The intensity of the threat of substitution is determined in this component of the Porter’s Five Forces analysis of Verizon. Substitutes pose a threat in the information and communications technology and services industry environment by potentially reducing the market share and corresponding revenues of existing firms. In this external analysis, Verizon Communications, Inc. experiences the moderate threat of substitution based on the following external factors:
- Moderate switching costs (moderate force)
- Moderate availability of substitutes (moderate force)
- Low performance-to-price ratio of substitutes (weak force)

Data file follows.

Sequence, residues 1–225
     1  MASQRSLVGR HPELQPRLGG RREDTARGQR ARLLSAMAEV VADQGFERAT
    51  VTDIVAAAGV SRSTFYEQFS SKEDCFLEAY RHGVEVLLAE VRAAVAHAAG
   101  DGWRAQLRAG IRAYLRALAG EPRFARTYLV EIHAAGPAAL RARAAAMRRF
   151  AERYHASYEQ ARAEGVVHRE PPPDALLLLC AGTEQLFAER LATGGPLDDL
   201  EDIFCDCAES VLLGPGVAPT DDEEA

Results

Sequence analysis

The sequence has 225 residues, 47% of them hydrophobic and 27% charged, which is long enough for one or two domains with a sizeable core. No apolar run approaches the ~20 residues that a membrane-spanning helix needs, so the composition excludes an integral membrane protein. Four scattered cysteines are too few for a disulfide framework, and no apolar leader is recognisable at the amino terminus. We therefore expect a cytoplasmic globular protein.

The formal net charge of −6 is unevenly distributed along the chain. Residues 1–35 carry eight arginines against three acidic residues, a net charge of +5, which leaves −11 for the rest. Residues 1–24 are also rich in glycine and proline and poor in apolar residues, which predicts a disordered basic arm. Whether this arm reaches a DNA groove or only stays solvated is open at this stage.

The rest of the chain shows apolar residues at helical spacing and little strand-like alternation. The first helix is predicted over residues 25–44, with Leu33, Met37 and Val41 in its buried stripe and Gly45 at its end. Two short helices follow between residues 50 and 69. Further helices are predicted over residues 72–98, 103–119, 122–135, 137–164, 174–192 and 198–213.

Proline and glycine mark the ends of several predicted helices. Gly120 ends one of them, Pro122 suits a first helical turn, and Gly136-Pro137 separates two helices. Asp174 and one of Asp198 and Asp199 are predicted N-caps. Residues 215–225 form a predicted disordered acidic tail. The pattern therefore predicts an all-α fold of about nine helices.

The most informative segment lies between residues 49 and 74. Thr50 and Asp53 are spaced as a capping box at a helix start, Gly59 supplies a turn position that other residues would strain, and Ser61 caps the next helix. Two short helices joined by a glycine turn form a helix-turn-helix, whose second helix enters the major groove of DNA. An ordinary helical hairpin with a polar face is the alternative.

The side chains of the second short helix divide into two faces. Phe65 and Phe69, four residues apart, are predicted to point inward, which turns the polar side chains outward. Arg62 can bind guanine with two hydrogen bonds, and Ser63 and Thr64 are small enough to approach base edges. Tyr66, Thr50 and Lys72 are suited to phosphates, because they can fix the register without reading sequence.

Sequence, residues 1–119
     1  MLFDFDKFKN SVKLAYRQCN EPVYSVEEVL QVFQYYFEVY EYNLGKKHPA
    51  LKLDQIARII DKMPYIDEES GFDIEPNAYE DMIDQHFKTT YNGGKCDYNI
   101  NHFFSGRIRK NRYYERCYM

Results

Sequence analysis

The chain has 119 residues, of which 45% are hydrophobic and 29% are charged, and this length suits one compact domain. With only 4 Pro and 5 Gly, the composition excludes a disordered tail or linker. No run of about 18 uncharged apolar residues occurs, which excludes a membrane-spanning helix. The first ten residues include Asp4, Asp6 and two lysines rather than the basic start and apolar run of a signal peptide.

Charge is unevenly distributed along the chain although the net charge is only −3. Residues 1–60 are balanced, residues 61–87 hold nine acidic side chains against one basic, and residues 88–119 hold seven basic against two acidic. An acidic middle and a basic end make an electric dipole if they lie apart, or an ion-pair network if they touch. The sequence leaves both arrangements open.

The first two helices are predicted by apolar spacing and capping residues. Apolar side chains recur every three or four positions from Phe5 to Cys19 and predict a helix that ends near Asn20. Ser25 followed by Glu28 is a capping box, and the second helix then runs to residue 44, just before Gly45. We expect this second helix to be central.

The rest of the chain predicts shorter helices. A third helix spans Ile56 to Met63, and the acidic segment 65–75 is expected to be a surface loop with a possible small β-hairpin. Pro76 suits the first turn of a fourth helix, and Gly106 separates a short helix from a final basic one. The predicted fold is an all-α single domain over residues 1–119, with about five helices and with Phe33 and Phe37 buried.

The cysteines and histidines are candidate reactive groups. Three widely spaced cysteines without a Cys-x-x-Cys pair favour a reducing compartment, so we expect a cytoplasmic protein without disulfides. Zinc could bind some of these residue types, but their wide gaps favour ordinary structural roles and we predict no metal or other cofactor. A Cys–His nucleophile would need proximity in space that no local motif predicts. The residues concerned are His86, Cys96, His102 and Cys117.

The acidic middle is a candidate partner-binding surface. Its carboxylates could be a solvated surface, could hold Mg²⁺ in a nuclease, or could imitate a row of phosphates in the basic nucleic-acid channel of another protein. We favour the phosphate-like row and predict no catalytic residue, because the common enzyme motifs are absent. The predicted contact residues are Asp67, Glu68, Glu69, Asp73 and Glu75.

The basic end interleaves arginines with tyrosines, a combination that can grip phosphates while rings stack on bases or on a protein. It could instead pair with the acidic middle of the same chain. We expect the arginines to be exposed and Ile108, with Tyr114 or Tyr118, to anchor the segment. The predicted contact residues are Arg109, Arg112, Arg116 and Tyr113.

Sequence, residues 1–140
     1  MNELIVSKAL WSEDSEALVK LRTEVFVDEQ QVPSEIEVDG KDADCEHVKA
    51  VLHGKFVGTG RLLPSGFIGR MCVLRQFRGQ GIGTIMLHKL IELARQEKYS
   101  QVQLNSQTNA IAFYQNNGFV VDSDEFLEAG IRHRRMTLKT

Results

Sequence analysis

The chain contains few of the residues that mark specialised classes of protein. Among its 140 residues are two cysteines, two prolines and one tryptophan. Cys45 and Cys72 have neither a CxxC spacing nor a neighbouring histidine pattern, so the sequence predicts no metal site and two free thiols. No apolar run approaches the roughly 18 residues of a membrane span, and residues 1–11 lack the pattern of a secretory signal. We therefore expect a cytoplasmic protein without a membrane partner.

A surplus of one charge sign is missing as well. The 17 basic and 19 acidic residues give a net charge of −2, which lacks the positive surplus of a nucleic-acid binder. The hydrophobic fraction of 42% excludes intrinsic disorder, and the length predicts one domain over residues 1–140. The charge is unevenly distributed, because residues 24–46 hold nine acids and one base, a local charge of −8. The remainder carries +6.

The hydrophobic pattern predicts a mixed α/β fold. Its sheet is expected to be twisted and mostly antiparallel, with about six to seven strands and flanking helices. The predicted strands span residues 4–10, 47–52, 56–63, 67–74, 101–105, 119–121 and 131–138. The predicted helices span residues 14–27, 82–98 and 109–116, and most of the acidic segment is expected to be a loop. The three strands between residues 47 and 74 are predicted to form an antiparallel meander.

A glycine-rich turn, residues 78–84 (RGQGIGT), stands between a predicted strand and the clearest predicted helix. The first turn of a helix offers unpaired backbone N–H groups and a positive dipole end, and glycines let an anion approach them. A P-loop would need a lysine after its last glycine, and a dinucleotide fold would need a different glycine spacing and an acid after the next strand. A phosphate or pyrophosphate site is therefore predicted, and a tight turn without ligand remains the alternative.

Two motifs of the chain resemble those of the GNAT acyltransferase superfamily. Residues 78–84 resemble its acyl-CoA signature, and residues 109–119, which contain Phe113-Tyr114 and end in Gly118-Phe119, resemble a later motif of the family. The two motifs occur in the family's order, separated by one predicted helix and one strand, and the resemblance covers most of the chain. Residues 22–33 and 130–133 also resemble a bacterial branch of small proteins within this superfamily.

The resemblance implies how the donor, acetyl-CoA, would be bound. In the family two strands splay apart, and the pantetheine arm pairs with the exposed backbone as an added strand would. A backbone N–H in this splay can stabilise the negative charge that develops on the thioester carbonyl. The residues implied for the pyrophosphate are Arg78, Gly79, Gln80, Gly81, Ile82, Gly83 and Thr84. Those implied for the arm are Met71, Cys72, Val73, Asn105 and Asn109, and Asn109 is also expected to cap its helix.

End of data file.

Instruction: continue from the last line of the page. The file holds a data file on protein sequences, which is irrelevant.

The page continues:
The intensity of the threat of substitution is partly based on moderate switching costs. For example, customers may face non-refundable expenses and downtime while shifting from Verizon Wireless products to substitutes. In addition, the moderate availability of substitutes is an external factor that corresponds to customers’ access to and potential use of such substitutes. On the other hand, the low performance-to-price ratio weakens the threat of substitutes against firms in the market. For example, despite moderate switching costs and availability of substitutes, such low ratio discourages customers from readily using substitutes instead of the services of Verizon Wireless. Nonetheless, the factors in this external analysis are subject to potential disruption in the industry environment through technological trends, such as the rapid advancement of information and communications technologies determined in the PESTEL/PESTLE analysis of Verizon Communications, Inc. Thus, the company must strategically keep abreast with the latest technologies and continue upgrading its systems to remain strong against potential substitution. Verizon’s strategies must include approaches to address the threat of substitution, which is a moderate issue shown in this component of the Five Forces analysis.